In an ideal situation, Bangladesh’s defense policy against Myanmar should be grounded on credible “deterrence by denial strategy.”

“Deterrence by denial” strategies seek to deter an action by making it infeasible or unlikely to succeed, thus denying a potential aggressor confidence in attaining its objectives -- deploying sufficient local military forces to defeat an invasion, for example.

These fundamentals may be straightforward but Clausewitz’s warning about the inherent friction in war is a useful caution: “Everything in war is very simple, but the simplest thing is difficult.”

What we are experiencing on the Bangladesh-Myanmar border is a classic example of deterrence failure, along with insufficient handling of what amounts to an incipient national security crisis.

First, this is a military affair. The Ministry of Defense or Armed Forces Divisions should take the lead in response, and the Ministry of Foreign Affairs and Ministry of Home Affairs should support the efforts.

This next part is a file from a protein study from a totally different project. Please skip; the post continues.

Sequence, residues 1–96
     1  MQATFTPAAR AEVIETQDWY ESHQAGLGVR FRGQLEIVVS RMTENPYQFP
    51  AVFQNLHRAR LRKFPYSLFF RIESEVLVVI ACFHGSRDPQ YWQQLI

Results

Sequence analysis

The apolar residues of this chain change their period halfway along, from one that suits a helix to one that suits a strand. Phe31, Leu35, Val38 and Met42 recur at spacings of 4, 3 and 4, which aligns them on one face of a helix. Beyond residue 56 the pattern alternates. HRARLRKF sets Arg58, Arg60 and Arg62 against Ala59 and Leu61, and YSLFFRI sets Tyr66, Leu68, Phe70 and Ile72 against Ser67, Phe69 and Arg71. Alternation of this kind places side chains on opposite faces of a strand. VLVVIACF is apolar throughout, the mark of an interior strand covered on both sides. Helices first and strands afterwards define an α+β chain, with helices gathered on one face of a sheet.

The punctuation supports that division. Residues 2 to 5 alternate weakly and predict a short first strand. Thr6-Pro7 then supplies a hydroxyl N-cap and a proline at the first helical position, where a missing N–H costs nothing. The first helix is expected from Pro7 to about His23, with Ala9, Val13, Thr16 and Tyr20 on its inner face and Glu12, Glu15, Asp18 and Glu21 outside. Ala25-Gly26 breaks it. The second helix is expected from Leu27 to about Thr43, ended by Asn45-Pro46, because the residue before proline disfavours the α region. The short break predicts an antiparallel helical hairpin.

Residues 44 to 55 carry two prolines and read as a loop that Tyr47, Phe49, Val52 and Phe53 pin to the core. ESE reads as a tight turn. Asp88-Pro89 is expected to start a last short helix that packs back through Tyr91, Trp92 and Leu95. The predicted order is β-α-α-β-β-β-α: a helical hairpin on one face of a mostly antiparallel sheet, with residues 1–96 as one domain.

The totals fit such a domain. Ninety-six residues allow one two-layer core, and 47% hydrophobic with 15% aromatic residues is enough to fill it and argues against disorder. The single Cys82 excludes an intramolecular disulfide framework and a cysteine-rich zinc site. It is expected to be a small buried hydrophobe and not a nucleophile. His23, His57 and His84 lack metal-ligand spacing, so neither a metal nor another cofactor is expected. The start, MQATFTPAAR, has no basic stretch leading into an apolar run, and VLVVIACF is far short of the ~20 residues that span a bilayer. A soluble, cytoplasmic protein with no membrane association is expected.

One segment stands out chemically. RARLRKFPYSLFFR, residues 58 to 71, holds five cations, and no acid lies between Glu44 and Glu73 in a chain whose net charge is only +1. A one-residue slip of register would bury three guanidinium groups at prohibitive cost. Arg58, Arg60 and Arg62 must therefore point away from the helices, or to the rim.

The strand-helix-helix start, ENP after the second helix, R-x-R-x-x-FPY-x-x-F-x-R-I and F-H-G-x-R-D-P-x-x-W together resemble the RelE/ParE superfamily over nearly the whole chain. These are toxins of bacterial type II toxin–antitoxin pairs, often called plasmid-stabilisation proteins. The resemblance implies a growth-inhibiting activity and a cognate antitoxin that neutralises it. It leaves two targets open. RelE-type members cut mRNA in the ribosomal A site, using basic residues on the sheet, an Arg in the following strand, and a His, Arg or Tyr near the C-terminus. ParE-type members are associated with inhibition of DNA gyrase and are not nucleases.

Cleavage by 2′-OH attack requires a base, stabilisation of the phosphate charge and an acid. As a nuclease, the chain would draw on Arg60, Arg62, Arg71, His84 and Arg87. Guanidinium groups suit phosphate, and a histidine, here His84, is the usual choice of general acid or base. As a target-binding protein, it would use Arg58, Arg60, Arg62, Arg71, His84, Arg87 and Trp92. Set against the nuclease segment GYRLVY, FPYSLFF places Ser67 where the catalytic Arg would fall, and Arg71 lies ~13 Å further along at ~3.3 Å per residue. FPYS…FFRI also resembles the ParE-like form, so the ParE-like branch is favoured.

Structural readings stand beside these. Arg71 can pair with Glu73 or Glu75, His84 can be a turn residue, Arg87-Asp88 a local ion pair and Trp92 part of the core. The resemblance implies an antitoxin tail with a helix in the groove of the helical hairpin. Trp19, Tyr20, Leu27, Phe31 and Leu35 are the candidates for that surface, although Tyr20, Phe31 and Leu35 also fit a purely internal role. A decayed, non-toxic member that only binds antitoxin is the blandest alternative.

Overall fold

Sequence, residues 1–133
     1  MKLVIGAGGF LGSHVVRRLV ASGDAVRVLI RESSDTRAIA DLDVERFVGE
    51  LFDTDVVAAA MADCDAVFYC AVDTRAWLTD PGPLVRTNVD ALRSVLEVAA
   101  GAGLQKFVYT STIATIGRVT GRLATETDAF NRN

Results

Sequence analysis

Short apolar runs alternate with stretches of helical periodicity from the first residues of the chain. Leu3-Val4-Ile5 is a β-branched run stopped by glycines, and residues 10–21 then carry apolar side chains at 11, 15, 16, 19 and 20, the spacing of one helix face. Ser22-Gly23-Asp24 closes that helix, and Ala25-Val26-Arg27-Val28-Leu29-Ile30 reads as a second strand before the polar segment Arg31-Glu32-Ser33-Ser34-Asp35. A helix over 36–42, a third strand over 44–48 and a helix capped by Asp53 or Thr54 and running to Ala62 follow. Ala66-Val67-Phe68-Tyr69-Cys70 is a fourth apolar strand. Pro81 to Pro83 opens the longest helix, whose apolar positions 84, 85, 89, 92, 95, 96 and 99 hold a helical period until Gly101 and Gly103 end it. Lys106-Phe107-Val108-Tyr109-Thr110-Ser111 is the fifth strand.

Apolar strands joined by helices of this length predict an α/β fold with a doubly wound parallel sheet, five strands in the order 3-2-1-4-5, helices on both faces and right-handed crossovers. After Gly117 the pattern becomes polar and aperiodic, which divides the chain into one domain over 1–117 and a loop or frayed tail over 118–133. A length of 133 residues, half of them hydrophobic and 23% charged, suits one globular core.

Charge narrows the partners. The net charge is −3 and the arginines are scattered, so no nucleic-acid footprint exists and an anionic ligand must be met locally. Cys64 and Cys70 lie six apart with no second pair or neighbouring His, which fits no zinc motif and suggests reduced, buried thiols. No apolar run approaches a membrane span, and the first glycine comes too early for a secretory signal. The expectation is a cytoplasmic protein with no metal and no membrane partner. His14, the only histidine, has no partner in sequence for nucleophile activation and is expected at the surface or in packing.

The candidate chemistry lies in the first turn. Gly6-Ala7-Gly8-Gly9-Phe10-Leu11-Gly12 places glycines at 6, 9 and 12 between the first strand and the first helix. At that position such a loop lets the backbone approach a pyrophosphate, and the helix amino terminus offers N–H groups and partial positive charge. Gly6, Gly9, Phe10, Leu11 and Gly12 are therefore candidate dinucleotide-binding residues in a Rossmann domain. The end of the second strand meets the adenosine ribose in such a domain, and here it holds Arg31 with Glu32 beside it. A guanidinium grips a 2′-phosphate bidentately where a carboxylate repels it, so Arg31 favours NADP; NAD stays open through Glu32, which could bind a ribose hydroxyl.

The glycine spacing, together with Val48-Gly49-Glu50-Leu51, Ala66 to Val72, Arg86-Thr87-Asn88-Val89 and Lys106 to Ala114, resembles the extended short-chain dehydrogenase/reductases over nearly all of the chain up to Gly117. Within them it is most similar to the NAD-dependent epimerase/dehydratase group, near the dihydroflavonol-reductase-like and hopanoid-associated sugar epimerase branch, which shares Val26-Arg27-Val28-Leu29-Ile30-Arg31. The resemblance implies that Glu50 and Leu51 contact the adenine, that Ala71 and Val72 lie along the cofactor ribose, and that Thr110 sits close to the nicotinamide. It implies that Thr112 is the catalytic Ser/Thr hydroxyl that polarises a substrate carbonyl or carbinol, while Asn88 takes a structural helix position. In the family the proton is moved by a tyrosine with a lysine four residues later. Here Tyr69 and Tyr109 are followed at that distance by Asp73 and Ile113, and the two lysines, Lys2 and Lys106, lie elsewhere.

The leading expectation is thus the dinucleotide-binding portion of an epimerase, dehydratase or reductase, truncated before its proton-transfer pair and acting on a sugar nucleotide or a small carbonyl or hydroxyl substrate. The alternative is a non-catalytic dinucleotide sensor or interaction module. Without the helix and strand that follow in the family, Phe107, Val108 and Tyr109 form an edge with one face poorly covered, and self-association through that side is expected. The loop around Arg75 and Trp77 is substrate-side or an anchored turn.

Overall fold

But as of now, we did not see any public initiative from MoD or AFD. The standard response to airspace violation is sending a warning and interceptor when hostile airplanes are in the air defense identification zone.

In a failure to comply with a warning, a sovereign country has the right to shoot down the violator.

For example, in 2015, Turkey shot down the Russian Sukhoi Su-25 warplane. Despite asymmetric Russian military might, Turkey did not hesitate to shoot down a Russian plane in the event of its airspace violation.

Because this is the standard procure, and every country has the right to defend its territory.